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Thursday, May 2, 2024

If you don't fix security problems, crooks will come

If there were a meter for detecting cyberattacks, it would be sounding today off like a Geiger counter hitting a stash of gold. That's pretty much the upshot of Verizon Business's 2024 Data Breach Investigations Report (DBIR).

The report, Verizon's 17th in as many years, analyzed a record-high 30,458 security incidents and 10,626 confirmed breaches in 2023 – a twofold increase over 2022.

The exploitation of vulnerabilities as initial points of entry nearly tripled, accounting for 14 percent of all breaches last year. This spike was driven primarily by the increasing frequency of attached targeting vulnerabilities on unpatched systems (known as zero-day vulnerabilities) by ransomware actors, Verizon Business reported.

Moveit breach just one driver

The Moveit software breach was one of the largest drivers of these cyberattacks, first in the education sector and later spreading to the finance and insurance industry.

The Moveit breach began in June 2023 after a weak link was discovered in Moveit, widely used file transfer software. Victims of the attack are still coming forward, according to published reports, so the exact scope of the attack remains unknown.

"The exploitation of zero-day vulnerabilities by ransomware actors remains a persistent threat to safeguarding enterprises," said Chris Novak, senior director for cybersecurity consulting at Verizon Business.

Add to Moveit, social engineering and the failure of firms to patch vulnerabilities in a timely manner and you account for the majority of data breaches last year. Interestingly, and possibly a relief to many, the rise of artificial intelligence posed less of a problem compared to large-scale vulnerability management, according to Novak.

"While the adoption of artificial intelligence to gain access to valuable corporate assets is a concern on the horizon, a failure to patch basic vulnerabilities has threat actors not needing to advance their approach," Novak said.

Average 55 days to fix half the leaks

Analysis by the Cybersecurity Infrastructure and Security Agency, the federal agency that oversees cybersecurity for critical infrastructure, revealed that on average it took 55 days to remediate 50 percent of critical vulnerabilities following the availability of patches. Meanwhile, the median time for detecting mass exploitations is five days.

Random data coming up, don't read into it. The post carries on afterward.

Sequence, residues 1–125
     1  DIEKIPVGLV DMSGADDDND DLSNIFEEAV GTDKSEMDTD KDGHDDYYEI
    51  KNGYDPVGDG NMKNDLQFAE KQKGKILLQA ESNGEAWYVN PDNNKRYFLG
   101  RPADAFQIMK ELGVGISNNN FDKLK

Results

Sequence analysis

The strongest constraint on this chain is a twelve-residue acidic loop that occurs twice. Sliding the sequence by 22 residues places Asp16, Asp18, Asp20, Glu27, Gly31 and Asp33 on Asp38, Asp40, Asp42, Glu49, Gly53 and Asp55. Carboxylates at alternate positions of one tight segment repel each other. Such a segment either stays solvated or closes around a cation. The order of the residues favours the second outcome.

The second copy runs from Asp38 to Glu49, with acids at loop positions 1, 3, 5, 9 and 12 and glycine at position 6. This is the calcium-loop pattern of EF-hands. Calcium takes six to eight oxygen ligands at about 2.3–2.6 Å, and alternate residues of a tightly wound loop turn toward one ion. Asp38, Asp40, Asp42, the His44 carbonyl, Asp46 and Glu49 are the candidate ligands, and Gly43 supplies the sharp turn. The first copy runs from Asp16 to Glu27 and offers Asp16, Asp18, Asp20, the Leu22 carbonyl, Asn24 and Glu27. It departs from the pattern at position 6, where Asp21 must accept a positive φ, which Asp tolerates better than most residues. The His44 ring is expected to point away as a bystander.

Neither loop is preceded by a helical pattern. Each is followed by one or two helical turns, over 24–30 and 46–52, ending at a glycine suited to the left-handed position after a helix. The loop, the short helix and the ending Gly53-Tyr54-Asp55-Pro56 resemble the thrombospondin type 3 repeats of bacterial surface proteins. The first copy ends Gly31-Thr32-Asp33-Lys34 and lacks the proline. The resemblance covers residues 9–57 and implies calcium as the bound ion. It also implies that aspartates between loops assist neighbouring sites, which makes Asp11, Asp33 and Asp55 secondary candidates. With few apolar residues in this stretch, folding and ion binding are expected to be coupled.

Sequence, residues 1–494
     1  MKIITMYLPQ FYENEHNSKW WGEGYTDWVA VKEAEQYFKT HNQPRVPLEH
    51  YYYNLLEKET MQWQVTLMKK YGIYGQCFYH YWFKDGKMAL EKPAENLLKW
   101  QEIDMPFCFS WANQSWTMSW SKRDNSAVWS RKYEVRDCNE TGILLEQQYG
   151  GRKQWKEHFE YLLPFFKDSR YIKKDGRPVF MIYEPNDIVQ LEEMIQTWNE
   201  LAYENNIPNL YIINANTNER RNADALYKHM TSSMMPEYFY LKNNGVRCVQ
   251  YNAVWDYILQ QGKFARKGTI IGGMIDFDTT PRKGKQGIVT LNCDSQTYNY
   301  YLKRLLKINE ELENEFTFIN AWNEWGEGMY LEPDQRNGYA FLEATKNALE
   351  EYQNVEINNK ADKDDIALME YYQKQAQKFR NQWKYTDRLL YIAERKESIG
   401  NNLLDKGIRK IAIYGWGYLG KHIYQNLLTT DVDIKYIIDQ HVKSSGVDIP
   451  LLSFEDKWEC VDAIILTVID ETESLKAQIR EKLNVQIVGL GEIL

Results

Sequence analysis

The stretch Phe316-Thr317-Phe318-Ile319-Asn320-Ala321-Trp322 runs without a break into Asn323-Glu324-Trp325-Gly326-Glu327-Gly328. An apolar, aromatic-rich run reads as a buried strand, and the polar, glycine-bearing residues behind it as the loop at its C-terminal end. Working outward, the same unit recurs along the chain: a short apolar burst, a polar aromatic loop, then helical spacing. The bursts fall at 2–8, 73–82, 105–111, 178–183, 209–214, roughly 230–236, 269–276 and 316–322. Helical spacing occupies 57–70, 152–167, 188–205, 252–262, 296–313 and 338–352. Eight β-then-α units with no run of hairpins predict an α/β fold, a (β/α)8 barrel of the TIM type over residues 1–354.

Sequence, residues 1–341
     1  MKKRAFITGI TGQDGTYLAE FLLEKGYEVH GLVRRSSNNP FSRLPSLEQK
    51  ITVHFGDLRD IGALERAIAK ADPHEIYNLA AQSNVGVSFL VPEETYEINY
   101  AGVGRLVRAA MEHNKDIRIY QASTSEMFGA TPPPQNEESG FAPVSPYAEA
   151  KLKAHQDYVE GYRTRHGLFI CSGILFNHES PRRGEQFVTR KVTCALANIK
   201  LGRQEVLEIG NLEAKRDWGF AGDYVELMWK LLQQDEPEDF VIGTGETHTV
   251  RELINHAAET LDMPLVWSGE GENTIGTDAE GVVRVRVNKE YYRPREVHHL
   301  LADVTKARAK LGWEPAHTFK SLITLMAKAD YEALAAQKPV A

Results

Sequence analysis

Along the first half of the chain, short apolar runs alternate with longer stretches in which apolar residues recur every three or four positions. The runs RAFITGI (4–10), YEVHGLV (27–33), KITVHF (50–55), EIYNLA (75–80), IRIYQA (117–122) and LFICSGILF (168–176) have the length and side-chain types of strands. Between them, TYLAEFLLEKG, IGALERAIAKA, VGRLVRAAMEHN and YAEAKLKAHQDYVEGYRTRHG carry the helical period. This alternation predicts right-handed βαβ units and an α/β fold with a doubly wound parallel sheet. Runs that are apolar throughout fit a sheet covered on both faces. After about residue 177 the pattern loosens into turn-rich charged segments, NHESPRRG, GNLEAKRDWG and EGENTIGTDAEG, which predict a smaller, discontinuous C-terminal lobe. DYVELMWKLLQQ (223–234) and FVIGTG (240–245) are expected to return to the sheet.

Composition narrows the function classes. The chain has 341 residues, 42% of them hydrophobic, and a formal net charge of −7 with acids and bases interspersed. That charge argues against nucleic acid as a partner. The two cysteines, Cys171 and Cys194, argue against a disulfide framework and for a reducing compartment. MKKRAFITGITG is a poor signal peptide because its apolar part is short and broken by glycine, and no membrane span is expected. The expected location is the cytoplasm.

"This years' DBIR findings reflect the evolving landscape that today's CISO's must navigate – balancing the need to address vulnerabilities quicker than ever before while investing in continuous employee education as it relates to ransomware and cybersecurity hygiene," said Craig Robinson, research vice president at the market intelligence firm IDC. "The breadth and depth of the incidents examined in this report provides a window into how breaches are occurring, and despite the low-level of complexity are still proving to be incredibly costly for enterprises."

In 2023, 15 percent of breaches involved third parties, including data custodians.

Shut the front door!

But most breaches, whether they include a third party or not, involve a non-malicious human element, which refers to a person making an error or falling prey to a social engineering attack. This percentage was the same in 2023 as it was in 2022, Verizon said. One potential countervailing force is the improvement of reporting practices, Verizon said, adding that users are more inclined to report phishing attempts.

"The persistence of the human element in breaches shows that there is still plenty of room for improvement with regard to cybersecurity training, but the increase in self-reporting indicates a culture change that destigmatizes human error and may serve to shine a light on the importance of cybersecurity awareness among the general workforce," Novak said.

Additional data points from the Verizon report include:

  • 32 percent of all breaches involve some type of extortion, including ransomware.
  • Over the past 10 years, the use of stolen credentials has appeared in almost a third (31 percent) of all breaches.
  • Over the past two years, a quarter (24 and 25 percent) of financially-motivated incidents involved pretexting.
  • Espionage attacks dominate the Asia-Pacific region.
end of article

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